Stashed in boxes, on bookshelves, in closets, and on my desk are hundreds of notebooks dating back decades. Each has a different purpose. Some contain ideas I want to pursue further, that might become an essay, a poem, or a book someday. Some contain notes I took at conferences. Some refer to books I’ve read, summaries or brilliant passages I’ve copied out because I didn’t want to forget them. Some are journals in which I wrote down experiences on trips or my day-to-day feelings. In some notebooks I’ve recorded my insights when studying scripture.
As Greg and I have gotten older, we’ve encountered more medical challenges, and we found we couldn’t always remember what tests or bloodwork we’ve had done and what the results were. We couldn’t remember when we had certain procedures. So in May of 2019, I started taking another notebook to all our doctor appointments to write down our concerns and all pertinent information.
So much of what I write every day is for one reason—I’m trying to remember stuff.
Strangely enough, much of what I write gets forgotten anyway. I recently grabbed a journal from 1996-1998 out of a box, and I don’t remember any of the stuff I wrote. In August ’96 I wrote down some details about a trip our daughter Carly had taken the month before. She visited Bennington College for “July Program” the summer before her senior year in high school. This is about her return flight: “Departure from Albany delayed approx. 1½ hours due to new security procedures resulting from crash of TWA 800 (?). Had to stop over in Atlanta—same day as bombing at Centennial Olympic Park. Reassigned to another flight to Phx. Had to spend extra couple hours in Atlanta airport. I was sure bomber was in airport, trying to get on Carly’s flight. Carly got to fly 1st class.” I don’t remember any of that happening, except for the bombing.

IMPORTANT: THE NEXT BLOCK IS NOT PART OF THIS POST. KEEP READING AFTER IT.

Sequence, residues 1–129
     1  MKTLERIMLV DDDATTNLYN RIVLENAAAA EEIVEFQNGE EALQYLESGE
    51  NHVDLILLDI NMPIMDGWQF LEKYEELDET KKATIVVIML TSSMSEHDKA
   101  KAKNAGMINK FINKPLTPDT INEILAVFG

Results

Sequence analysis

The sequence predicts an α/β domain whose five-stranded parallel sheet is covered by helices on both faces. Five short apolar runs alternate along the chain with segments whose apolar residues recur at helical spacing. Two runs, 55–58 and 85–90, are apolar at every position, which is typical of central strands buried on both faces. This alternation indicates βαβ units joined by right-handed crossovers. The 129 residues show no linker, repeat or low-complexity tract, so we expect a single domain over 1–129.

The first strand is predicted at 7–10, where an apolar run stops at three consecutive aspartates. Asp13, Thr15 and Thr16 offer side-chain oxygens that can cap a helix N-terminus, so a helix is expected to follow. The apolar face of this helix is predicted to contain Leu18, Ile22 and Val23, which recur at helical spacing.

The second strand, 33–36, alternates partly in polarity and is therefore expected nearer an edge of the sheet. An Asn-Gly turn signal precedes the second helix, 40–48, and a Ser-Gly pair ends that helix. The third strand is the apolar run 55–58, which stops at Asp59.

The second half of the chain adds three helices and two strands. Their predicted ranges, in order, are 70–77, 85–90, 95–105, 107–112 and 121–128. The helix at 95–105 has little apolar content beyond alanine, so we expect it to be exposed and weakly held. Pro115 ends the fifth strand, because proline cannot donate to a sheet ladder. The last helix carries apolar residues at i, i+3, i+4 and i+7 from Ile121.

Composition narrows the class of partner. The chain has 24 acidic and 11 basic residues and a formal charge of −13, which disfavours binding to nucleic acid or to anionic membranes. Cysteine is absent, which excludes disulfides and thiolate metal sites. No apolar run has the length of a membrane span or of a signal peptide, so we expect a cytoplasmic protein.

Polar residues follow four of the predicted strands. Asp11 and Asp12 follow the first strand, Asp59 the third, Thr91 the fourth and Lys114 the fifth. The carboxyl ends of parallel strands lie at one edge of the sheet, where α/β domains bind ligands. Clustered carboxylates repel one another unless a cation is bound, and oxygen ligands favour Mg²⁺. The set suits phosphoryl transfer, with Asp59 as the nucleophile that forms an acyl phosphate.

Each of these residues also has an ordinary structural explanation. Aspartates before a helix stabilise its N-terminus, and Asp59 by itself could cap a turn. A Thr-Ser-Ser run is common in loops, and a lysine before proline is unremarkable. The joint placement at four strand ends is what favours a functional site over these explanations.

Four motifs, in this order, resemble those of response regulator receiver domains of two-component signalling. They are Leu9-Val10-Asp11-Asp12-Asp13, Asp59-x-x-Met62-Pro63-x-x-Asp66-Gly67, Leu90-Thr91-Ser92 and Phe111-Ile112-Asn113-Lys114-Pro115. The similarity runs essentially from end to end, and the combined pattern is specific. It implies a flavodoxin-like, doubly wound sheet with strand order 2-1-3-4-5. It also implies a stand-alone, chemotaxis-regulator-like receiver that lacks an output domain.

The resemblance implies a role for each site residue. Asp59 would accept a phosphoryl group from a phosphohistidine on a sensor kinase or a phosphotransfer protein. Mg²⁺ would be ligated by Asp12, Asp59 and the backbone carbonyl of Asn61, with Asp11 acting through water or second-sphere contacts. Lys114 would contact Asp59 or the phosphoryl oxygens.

Most of the rest of that journal is notes about books I was reading at that time. For example, this excerpt from the book Waiting, by Ben Patterson: “Robert Schuller asks, ‘What great thing would you attempt if you knew you could not fail?’ The question is designed to break us out of our mental ruts and to think of the possibilities of our lives.” For me, reading this excerpt now is like seeing it for the first time.
So all those things I’ve recorded in notebooks and journals are essentially wasted if I do not go back and reread them. I don’t know if that’s true for everyone; certainly some people remember what they’ve experienced over their lifetimes. But I don’t remember what I read a year ago, much less 23 years ago.
When my Mom passed away in 2004, my brother and I went through her “art collection,” our affectionate nickname for the stack of papers piled up in the corner of the kitchen counter. We found all sorts of old stuff in there, including letters I’d written to her from college in the early 1970s. I wish I could say the letters brought back memories. Mostly, I couldn’t even remember the people I’d mentioned in them, students in my classes and my dorm, even professors I’d had.
I still believe in taking notes at conferences and in journaling, in writing down ideas and interesting things I’ve read; but now I’m going to make a point of rereading my notes and journals from time to time. I’ll let you know how that goes—if I remember.